Getting your green card is exciting. Once the novelty wears off, it’s time to think about the next step — citizenship. Be aware from the outset what issues can place your opportunity for citizenship in jeopardy. Here are the top five biggest mistakes applicants make.
1. Too Much Travel Outside the Country
You may have felt relieved when your green card was approved, in part because the restriction on travel was lifted. Now you can travel back home to see family or go on holidays wherever you want without having to obtain travel documents. You just need your passport from your country of citizenship and your green card to reenter the United States.
However, if you plan to travel extensively, strictly track your trips and dates of travel. First, you will need that information for your naturalization application to prove the physical presence criterion. Second, spending too many days outside the United States can jeopardize your application.
To obtain citizenship, you must have been physically present on U.S. soil for at least half of your legal permanent residency. For those applying for citizenship after three years of permanent residency based upon marriage to a U.S. citizen, you must show physical presence for 18 months. For all others applying after five years, you must show you were here for 30 months.
2. Extended Holiday Abroad
An extended absence from the United States can interfere with the continuous residence requirement. You must present evidence as to why your absence of six months to one year did not disrupt your continuous residence, which may include you maintained continued employment in the United States, your immediate family members remained here and you still had a home to return to.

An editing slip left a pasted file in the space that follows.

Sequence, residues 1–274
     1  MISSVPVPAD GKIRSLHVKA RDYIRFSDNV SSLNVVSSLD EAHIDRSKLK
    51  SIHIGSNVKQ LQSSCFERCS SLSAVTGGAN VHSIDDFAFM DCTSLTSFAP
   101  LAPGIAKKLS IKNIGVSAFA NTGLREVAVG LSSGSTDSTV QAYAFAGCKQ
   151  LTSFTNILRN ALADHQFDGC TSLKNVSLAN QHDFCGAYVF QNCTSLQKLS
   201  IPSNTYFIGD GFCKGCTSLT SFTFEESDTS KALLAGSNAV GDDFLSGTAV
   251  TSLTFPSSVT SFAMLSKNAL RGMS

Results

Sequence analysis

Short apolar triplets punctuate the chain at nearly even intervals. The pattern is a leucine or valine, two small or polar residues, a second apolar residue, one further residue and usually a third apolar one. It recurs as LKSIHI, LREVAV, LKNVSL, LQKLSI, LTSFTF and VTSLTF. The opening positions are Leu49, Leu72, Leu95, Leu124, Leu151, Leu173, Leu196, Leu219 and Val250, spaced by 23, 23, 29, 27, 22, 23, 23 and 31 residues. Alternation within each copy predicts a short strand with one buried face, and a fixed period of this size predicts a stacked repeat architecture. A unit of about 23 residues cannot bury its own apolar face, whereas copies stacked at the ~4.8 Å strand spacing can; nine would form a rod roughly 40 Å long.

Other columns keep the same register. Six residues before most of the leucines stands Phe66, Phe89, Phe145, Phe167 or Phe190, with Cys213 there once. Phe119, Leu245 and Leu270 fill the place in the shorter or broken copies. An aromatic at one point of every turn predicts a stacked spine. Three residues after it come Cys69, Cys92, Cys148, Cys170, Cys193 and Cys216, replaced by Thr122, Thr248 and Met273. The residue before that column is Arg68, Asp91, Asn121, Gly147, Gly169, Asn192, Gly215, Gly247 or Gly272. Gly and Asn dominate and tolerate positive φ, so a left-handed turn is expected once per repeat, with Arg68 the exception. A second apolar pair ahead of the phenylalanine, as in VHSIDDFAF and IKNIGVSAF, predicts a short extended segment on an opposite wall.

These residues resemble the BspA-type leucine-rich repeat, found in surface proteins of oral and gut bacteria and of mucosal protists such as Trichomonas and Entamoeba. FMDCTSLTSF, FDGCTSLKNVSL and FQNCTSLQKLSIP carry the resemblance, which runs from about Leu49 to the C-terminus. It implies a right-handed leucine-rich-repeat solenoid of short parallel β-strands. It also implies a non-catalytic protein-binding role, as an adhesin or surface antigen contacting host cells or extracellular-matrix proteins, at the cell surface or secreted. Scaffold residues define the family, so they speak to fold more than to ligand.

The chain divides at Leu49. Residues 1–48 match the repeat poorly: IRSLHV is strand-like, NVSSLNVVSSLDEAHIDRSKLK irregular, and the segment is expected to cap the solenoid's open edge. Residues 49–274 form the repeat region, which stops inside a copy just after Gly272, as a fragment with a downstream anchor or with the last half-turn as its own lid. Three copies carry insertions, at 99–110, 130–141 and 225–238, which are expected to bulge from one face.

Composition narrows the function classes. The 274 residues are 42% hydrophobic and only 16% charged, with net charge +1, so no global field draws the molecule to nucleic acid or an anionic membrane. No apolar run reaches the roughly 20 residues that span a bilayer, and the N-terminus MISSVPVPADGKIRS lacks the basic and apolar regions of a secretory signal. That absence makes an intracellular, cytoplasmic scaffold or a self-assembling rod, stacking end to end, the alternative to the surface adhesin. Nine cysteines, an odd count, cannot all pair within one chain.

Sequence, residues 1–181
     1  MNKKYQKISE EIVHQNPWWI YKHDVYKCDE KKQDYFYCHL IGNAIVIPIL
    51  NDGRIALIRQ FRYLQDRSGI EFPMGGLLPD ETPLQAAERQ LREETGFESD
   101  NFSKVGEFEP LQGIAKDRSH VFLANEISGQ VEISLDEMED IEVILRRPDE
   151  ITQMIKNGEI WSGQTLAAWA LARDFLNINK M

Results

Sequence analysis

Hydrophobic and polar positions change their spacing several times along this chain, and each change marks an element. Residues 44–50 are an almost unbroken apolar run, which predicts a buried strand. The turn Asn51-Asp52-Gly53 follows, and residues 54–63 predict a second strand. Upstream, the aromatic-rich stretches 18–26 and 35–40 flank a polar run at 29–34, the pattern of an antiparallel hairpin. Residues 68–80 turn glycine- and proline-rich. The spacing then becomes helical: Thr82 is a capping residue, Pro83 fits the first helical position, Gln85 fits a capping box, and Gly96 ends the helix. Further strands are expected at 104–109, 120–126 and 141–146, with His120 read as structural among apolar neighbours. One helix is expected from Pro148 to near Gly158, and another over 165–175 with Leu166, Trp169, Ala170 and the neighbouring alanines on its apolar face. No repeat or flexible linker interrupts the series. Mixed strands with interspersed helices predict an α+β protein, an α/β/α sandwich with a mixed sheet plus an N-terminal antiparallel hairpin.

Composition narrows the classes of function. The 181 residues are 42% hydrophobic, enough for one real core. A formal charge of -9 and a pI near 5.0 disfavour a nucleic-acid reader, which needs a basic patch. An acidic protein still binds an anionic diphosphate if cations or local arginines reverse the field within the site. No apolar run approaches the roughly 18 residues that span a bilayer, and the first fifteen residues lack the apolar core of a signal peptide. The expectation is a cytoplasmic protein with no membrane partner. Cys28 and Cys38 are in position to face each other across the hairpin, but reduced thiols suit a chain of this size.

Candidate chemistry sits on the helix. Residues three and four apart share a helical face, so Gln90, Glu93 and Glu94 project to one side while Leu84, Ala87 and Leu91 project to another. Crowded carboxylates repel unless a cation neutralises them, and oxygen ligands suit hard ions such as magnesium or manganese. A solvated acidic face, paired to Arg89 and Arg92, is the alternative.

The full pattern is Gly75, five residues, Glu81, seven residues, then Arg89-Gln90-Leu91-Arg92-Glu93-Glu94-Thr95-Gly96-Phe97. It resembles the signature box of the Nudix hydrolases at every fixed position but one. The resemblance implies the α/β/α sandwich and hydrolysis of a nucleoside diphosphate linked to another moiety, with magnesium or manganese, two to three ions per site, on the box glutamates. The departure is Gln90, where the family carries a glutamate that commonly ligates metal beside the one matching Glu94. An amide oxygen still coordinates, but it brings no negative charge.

If you plan to be outside of the United States for more than one year, obtain a reentry permit to prove your intention to return. You must also demonstrate you had a good reason for your absence, such as a qualifying job.
3. Not Paying Your Taxes or Registering for the Draft
Everyone who earns income in the United States is responsible for paying taxes. The USCIS demands certified tax returns for the past five years, or three years if your application is based on your marriage to a U.S. citizen.
Men between the ages of 18 and 26 are obligated to register for the draft, including legal permanent residents. If you are a man under the age of 31, bring proof of registration. If you did not register, bring a written document to explain why.
4. Not Reporting All Arrests
You must report all crimes for which you were ever arrested, detained or cited. Bring certified documents pertaining to the disposition of every case, including nolle prossed, expunged and sealed charges. If your record was sealed, have it unsealed for the purposes of your application.
5. Applying for Citizenship with a Deportable Offense on Your Record
Although you will have to explain the arrest, not all crimes are detrimental to your naturalization application. However, beware, because some crimes could put your right to remain in the country at risk. You may decide to forgo the application altogether if you have certain deportable offenses on your record or risk being placed in deportation proceedings. For this reason, talking to a qualified immigration attorney is especially important if you have a criminal record.
*The content and materials available via Ask Ellis are for informational purposes only and do not constitute legal advice.
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